What salary can I expect?
Salaries vary according to experience and skills required, year in school, type of position, type of employer, and location.
It is not unusual to find positions ranging from minimum wage up to $25.00 per hour.
Student-initiated Internships – Tips and Techniques
Finding a Work Term Opportunity – How do I start?
Looking for an internship position is a crucial process because the strategies you use to secure this job will be invaluable in eventually helping you explore permanent career opportunities after graduation.
You can begin the research process by following two directions:
1. Research Visible Jobs:
- Fewer than 25% of all positions will be formally advertised.Using this method involves some leg work to find positions that suit your skills and interests.
- Resources that can help you find these jobs include the Student Success Centre (GH 110), newspapers, job banks, career fairs, magazines, public postings, and word of mouth.
- Talking to others is a very effective way of finding a job. Family and friends are usually most willing to pass along leads about job openings. The key is to do your part by making others aware>of your goals and following through with the information that they provide.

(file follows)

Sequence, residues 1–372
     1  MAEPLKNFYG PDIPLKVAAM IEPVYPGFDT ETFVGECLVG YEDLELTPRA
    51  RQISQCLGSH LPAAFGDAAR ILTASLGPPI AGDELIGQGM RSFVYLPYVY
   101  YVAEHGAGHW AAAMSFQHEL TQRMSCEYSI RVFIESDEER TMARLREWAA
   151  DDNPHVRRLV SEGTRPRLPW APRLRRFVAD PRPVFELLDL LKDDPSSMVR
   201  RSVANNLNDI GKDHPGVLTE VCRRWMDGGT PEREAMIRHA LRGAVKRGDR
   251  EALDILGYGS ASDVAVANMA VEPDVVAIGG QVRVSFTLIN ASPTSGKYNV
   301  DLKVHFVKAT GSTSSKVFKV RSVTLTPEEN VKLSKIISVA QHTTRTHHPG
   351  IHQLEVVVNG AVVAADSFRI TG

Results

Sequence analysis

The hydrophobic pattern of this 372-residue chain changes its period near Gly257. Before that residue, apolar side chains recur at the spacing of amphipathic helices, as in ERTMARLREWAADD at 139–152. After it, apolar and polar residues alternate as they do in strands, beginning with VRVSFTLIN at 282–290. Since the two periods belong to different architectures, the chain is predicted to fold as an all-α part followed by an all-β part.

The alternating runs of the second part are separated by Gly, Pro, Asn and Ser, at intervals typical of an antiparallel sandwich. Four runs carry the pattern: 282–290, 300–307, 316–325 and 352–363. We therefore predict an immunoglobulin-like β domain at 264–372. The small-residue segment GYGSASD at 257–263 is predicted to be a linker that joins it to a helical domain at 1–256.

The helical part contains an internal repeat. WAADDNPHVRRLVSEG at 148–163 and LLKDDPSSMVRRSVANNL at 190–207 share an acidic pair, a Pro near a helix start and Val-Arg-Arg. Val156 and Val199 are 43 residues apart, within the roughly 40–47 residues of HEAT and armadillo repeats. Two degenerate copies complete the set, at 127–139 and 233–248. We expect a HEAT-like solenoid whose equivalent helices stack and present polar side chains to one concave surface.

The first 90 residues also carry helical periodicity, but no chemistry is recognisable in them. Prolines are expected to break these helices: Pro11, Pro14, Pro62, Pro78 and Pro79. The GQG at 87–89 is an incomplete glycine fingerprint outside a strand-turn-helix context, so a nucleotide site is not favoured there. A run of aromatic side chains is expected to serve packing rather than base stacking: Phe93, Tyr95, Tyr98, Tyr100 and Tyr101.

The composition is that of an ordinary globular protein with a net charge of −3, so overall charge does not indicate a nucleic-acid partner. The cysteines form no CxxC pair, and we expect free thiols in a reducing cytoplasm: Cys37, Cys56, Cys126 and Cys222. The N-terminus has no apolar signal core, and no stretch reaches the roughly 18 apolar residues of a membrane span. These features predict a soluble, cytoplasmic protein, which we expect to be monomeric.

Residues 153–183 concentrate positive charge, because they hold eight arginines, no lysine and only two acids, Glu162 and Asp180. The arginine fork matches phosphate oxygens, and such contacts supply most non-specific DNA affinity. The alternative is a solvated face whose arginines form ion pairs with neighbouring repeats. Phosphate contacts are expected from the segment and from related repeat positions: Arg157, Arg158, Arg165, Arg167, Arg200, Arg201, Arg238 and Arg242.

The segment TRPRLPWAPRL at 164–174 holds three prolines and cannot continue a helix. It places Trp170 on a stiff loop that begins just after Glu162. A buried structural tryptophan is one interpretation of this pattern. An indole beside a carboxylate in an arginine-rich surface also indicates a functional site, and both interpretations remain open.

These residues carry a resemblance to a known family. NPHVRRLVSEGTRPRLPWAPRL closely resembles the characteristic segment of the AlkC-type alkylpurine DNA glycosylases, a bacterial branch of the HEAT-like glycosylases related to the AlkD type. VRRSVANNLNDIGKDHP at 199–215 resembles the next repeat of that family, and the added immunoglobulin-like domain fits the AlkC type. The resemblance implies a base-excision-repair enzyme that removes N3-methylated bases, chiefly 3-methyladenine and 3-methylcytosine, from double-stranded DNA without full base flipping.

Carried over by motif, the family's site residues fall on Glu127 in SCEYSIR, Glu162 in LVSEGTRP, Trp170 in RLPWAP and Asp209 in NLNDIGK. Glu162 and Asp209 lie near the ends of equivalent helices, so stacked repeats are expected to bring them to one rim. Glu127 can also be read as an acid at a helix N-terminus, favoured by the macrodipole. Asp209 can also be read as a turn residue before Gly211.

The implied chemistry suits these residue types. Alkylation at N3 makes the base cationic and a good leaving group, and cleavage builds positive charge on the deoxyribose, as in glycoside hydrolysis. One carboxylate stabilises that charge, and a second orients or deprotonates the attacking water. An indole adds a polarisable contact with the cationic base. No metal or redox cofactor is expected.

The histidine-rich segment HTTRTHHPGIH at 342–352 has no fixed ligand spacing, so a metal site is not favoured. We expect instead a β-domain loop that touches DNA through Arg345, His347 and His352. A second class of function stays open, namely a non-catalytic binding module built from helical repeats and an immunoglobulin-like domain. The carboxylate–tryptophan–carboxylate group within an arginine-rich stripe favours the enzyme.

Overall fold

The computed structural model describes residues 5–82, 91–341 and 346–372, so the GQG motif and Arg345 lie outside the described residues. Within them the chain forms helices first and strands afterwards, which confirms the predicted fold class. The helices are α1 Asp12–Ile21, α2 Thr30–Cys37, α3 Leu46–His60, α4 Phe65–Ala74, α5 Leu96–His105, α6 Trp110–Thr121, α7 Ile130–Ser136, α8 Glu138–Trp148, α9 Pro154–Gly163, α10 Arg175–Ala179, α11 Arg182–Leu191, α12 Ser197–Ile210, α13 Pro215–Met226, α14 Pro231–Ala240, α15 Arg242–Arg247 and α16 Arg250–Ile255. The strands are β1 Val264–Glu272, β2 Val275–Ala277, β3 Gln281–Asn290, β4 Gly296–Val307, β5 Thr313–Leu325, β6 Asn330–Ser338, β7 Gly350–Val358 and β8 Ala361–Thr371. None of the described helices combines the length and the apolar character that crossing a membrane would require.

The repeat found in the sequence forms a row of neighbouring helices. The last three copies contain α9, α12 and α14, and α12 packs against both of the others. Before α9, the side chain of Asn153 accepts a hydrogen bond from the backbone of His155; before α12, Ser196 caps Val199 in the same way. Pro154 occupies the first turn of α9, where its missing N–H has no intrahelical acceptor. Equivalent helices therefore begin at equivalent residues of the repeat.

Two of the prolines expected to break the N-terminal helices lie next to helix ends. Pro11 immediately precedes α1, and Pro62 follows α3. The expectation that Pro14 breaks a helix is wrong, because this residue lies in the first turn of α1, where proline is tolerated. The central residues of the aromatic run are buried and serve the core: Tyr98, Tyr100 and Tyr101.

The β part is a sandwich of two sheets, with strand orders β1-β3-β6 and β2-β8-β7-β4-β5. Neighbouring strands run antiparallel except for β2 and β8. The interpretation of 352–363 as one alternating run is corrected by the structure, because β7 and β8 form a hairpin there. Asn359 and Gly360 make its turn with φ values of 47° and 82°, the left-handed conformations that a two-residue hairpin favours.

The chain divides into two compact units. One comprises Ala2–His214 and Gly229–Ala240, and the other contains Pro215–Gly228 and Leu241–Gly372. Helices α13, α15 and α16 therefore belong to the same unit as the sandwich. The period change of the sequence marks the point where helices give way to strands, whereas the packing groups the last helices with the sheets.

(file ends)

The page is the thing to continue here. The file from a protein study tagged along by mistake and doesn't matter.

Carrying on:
2. Research Hidden
- The secret to find hidden opportunities is not looking for a specific job, but rather to look for ways to become connected to an industry or organization.
- Key resources include:
A)Cold calls – make cold calls in the form of seeking information, rather than a specific job, more people will be willing to talk to you. You can get started by reading articles in newspapers, publications, newsletters, brochures, and web sites (look specifically for companies that are moving, expanding or undertaking new projects). Once you have this information collected, organize it according to your priorities (location, size of company etc.).
B)Volunteering – Building relationships is the key to be remembered. Volunteer for a fundraising event the company is holding, offer a few hours a week to help out with daily tasks.
C) Looking outside the box – Start thinking about opportunities where you least expect them. Think about your skills and interests, not your degree title.
Contacting the Employer for the First Time – How do I do that?
Contacting a potential employer for the first time can be a bit overwhelming.>Here are
some tips to consider:
- Calling employers that you are less interested in first can be great practice for when you are calling those employers that you really want to impress – you’ll be more relaxed, and you’ll better know what to expect.